Abandoned Portugal: Beja Aquatica

The Beja Aquapark was in operation for only three years and has been closed for the last 25. What is left is easily accessible to curious road-trippers and ruin hunters alike.

About 5km outside of Beja in the Alentejo sits the ruins of the former summer waterpark Beja Aquatica.

The park, allegedly owned by a builder from the Algarve, was in operation for only three years and promptly shut down, according to an article published in April 2014. What is left is easily accessible to curious road-trippers and ruin-hunters, though some areas should be explored with care…and a camera.

According to the GNR and the Bejo Bombeiros, a fire that was started by three young men in 2014 caused the roof on one side to cave in; the arsonists had set a squatter’s mattress on fire. No arrests have been made to date.

Ever since the fire, the Aquapark has stayed out of the news. Local Lisboeta Helder Nogueira, however, is attempting to keep the past alive with the Beja Aquatica facebook page. This is alongside pages on some of the other closed waterparks around Portugal, like the Ondaparque, Portugal’s largest waterpark from the 1990s located in Quinta de Brielas, Costa da Caparica.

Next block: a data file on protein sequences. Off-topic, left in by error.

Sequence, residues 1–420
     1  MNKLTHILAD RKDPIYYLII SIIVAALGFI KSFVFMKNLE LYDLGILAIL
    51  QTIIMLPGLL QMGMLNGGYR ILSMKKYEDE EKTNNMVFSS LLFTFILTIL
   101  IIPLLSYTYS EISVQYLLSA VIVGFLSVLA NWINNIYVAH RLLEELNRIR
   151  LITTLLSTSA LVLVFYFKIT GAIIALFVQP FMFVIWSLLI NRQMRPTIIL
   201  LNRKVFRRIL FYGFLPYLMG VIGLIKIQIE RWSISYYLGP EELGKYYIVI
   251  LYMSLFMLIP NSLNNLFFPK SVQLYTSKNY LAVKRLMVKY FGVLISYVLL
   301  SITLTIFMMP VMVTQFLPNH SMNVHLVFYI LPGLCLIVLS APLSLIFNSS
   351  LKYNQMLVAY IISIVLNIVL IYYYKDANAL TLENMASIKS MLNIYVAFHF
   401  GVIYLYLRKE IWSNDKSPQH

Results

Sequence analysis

According to the Jornal de Notícias,Beja Aquatica has been closed for around 35 years, but Nogueira tells Atlas the park only opened in 1989 and was shuttered in 1992, which, from the looks of it and the font styling in the cafeteria, seems about right to us. The original plans included the subsequent construction of a tourist complex with hotels, but that plan never materialized.

But why did it close in the first place?

“To maintain a water park, it’s necessary to guarantee a minimum use of 61% of its capacity — below this, the park only generates debts, since the…operational costs [are high,” Nogueira tells Atlas. “Nowadays, the space still has all the equipment that would allow it to work again, but this type of water circuit renovation is no longer allowed, plus the adaptation would exceed the value of the park.”

And so the ruins sit there, a cafeteria that seems like it could be operational again in a matter of weeks, lockers forever emptied of sunscreen and flip-flops, and mossed-over slides that look as if they could be cleaned and repaired in no time by anyone who might take an interest. The shame of it is, it seems like no one ever will.

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